Posts Tagged ‘worship’

Neighborly Love, by Nate Gangwer, Back2Back Nigeria Intern

July 11, 2011

 

A few weeks ago we began our first project with another team.  We spent the entire day doing projects at the Oasis Community Center in the Kisayhip Village of Jos, Nigeria.  The majority of the team painted the community center with a primer coat to get ready for the Back2Back team next week.  The rest of the group split in two and some worked on clearing the roadside gutter to prevent flooding during the rains and the rest of the group moved a significant amount of gravel, rock, and sand for concrete mixing an building to the other side of the compound to make it easier for future deliveries and a more central location for work. In the midst of the pounding heat we were able to completely prime the building, move all but a handful of the big rocks, and dig out a majority of the roadside.  Feelings of accomplishment ran high as we finished out the day sitting on the porches watching a thunderstorm roll by.  These types of achievements not only help boost our moral, but really help to show the community the importance of taking care of facilities and thinking a few steps ahead of the current problem.

Nigerians are a wonderful people with a tremendous sense of community and perseverance, but have been trampled and pushed down by exploitation, which turns into a terrible foundation of traditions.  A large part of community development lays in finding pride not only in your neighbors and family, but also in the actual land and buildings.  Loving your neighbor does not always entail saving them from a horrible plight or devastating circumstance, but more frequently, and perhaps more importantly, loving your neighbor means literally doing the small things that you desire for yourself for them.  If I want my yard or my house to be clean then how I love my neighbor is also desiring (and acting upon) their yard or house to be clean.  The motivation moves from being self-centered to community centered and Biblically obedient.  By partnering together and serving those around us who are incapable, either by a lack of resources or a lack of know-how, we are not only serving them we are serving Christ and following the model of love He exhibited for us and commanded of us. Oh, how wonderful it is to worship in work and service!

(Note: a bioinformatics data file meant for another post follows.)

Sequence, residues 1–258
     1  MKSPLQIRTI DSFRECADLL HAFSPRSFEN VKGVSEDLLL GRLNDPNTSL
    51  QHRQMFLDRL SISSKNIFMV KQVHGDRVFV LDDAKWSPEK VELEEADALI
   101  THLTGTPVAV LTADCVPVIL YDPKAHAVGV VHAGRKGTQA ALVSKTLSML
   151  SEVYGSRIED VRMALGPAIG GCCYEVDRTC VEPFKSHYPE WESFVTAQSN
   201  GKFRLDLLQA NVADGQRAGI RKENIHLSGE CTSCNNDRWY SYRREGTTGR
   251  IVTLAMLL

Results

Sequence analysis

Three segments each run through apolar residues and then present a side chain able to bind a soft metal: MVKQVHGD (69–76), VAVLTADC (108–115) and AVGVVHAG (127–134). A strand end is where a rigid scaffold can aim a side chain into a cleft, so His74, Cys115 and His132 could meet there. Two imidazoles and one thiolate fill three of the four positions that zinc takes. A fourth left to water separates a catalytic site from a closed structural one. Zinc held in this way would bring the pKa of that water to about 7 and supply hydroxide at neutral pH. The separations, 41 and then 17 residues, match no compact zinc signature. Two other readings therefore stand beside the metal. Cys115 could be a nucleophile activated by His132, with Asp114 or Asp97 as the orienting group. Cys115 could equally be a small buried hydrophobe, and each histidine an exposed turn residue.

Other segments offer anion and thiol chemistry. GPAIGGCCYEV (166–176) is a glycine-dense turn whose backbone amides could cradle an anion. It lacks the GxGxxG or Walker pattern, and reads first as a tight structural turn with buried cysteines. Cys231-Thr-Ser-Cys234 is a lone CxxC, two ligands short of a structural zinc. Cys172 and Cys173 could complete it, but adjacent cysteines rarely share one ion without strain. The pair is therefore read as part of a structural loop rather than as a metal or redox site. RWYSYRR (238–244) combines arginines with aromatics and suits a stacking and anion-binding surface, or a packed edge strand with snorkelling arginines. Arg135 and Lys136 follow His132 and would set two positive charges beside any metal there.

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A New Song, by Hope Maglich, Back2Back Mexico Staff

May 6, 2011

This spring, we have been teaching the children in the Rio about worship. It has been fantastic! A donor supplied us with money to purchase instruments for the children and thus the idea sprang into action. Our heart was to teach the kids not only how to worship the Lord but reasons we have to worship Him! When we truly know His character there is nothing left to do but worship.

My favorite day of our worship unit with the children was when we taught them about Miriam praising the Lord after he saved the Israelites from the Egyptians. Miriam took up her tambourine and praised the Lord with a new song!

Hope teaches the children about how Miriam praised God

After learning about Miriam, we decided as a class that we would write a new song to the Lord just a Miriam did. Back2Back staff member, Cheque, got out his guitar. I pulled out a dry erase board and we began to write a song of praise to the Lord, worshiping Him for the ways that he loves us. Cheque and I started out the song, but in no time the kids were shouting their ideas as well. It was the children who came up with most of the words and reasons why we praise the Lord.

Children from the Rio wrote the lyrics to the worship song

It was beautiful for me to hear these children, who live with very little, shouting out reasons they have to praise the Lord! Oh how true it is! Within twenty minutes our song was done, Cheque had a tune, and we all began to worship the Lord with a new song! We have now added this song to our collection and sing it each week.

“God saved us from the Egyptians

Let’s sing to the Lord

God loves us very much

Let’s sing to the Lord

God created us

God healed us

God protected and provided for us

Let’s sing to the Lord. ”

– Written by the children Back2Back serves in Rio 1

Shaken to the Core, by James Bush, Mexico Mission Trip Participant

April 1, 2011

My recent trip to Monterrey, Mexico has messed with me in the deepest way possible.

Majestic.  Beautiful.  Powerful. I was overwhelmed.  It was Sunday morning at Casa Hogar Douglas, an orphanage, in Monterrey. The aforementioned orphanage would have appeared empty to the passerby if it weren’t for the noise coming from a little building atop the hill there. Inside that building, sixty-eight orphans together with fifty other adults were worshipping God in multiple languages. I was holding a little baby girl. She was an orphan. What broke my heart about that moment was that she was so into worship. Here was a child rejected by her parents worshipping God with all of her might. I knew in that moment that I have often taken God for granted. This little child was demonstrating what it means to really worship the living, active and loving God.